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Effects of social participation and physical activity on all-cause mortality among older adults in Norfolk, England: an investigation of the EPIC-Norfolk study

Fain, RS; Hayat, SA; Luben, R; Abdul Pari, AA; Yip, JLY; (2022) Effects of social participation and physical activity on all-cause mortality among older adults in Norfolk, England: an investigation of the EPIC-Norfolk study. Public Health , 202 pp. 58-64. 10.1016/j.puhe.2021.10.017. Green open access

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Abstract

Objectives: There is growing evidence of an association between social participation and improved physical and mental health among older individuals. The aims of this study were to explore the relationship between self-reported participation in groups, clubs, or organizations and all-cause mortality among older adults and examine the role of physical activity as a potential modifier of the health effects of social participation. Study design: EPIC-Norfolk is a prospective cohort study that recruited 25,639 individuals between the ages of 40 and 79 in Norfolk County, England. This study involved a retrospective analysis of 8623 participants who had returned for the third health check between 2004 and 2011. Methods: Participants were categorized into those who reported participating socially and those who did not and were stratified by involvement in 0, 1, or 2 or more groups. Cox Proportional Hazards models were constructed to compare all-cause mortality between the groups. Stratum-specific hazard ratios were calculated by physical activity level to assess for effect modification. Results: Of the participants, 861 (9.98%) died during the follow-up period. After adjustment for confounding, social participation was associated with lower all-cause mortality (HR 0.84, 95% CI 0.73–0.97). Involvement in 2 or more groups was associated with lower all-cause mortality (hazard ratio [HR] 0.83, 95% confidence interval [CI] 0.70–0.97), but the association was not statistically significant for people involved in only 1 group (HR 0.86, 95% CI 0.73–1.03). Physical activity appeared to modify the effect of social participation on mortality. Conclusions: This study's findings provide evidence of an association between social participation and lower all-cause mortality for older adults. They also suggest that the effect of social participation on health is greater for people who are more physically active. Population-level interventions to facilitate social participation may contribute to improving health and wellbeing among older individuals.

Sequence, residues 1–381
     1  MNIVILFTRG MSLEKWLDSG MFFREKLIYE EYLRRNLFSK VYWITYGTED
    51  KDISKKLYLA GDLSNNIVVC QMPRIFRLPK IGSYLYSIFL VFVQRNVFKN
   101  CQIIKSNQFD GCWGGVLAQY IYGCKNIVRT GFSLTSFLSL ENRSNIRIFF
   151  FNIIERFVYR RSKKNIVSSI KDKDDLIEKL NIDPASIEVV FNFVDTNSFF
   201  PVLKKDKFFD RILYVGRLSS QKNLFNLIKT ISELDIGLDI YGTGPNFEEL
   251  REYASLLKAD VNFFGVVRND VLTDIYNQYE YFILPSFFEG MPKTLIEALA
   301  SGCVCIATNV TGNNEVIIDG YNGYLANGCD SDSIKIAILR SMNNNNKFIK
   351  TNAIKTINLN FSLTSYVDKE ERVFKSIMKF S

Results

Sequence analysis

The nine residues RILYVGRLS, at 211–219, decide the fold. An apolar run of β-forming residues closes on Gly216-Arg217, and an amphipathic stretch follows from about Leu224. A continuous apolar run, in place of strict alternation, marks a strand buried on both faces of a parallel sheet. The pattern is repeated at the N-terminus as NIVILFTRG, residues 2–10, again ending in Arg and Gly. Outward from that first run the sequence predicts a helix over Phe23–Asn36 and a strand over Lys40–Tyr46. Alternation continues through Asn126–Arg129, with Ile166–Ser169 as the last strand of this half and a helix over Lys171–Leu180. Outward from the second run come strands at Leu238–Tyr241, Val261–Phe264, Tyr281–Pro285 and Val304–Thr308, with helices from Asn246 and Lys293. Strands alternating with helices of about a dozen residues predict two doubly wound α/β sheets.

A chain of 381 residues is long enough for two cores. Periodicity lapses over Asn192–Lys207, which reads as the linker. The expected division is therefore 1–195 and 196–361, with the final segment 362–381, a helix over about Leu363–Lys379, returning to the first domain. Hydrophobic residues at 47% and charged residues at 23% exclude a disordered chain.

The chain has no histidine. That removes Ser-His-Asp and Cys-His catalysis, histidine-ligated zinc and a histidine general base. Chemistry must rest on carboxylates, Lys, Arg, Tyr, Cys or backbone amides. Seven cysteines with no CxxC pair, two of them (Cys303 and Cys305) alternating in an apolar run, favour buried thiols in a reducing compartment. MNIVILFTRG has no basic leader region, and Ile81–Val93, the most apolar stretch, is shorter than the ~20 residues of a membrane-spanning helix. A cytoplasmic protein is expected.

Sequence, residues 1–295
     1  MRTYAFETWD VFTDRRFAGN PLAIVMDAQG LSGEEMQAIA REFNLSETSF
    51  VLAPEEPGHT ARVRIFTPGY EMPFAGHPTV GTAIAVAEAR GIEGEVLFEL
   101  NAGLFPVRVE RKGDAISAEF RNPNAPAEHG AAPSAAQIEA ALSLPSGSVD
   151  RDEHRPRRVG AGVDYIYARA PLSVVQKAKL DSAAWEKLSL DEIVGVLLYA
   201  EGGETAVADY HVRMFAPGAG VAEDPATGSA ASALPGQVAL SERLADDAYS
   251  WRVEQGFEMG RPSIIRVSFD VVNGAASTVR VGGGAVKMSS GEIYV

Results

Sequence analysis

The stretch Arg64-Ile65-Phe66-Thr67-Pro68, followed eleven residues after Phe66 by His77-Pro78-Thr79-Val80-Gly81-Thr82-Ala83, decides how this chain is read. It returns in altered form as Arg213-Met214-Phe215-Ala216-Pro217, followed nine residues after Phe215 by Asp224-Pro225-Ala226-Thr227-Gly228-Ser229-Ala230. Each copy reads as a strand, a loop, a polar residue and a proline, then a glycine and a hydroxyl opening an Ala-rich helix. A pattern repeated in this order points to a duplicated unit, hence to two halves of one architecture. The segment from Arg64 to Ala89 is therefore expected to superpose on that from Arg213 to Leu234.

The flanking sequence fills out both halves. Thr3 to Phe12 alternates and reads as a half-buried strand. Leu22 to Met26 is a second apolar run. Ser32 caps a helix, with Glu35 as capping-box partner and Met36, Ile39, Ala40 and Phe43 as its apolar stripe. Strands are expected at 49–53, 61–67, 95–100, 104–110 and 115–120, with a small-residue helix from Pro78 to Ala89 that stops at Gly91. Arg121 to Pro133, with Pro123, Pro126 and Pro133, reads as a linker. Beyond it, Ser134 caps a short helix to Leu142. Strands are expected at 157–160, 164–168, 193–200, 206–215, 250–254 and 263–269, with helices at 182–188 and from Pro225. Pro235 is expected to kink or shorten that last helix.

Type: Article
Title: Effects of social participation and physical activity on all-cause mortality among older adults in Norfolk, England: an investigation of the EPIC-Norfolk study
Location: Netherlands
Open access status: An open access version is available from UCL Discovery
DOI: 10.1016/j.puhe.2021.10.017
Publisher version: https://doi.org/10.1016/j.puhe.2021.10.017
Language: English
Additional information: This version is the author accepted manuscript. For information on re-use, please refer to the publisher’s terms and conditions.
Keywords: Ageing, England, Mortality, Social capital, Social participation, Adult, Aged, England, Exercise, Humans, Middle Aged, Prospective Studies, Retrospective Studies, Risk Factors, Social Participation
UCL classification: UCL > Provost and Vice Provost Offices > School of Life and Medical Sciences > Faculty of Brain Sciences
UCL > Provost and Vice Provost Offices > School of Life and Medical Sciences > Faculty of Brain Sciences > Institute of Ophthalmology
UCL > Provost and Vice Provost Offices > School of Life and Medical Sciences
UCL
URI: https://discovery.ucl.ac.uk/id/eprint/10148292
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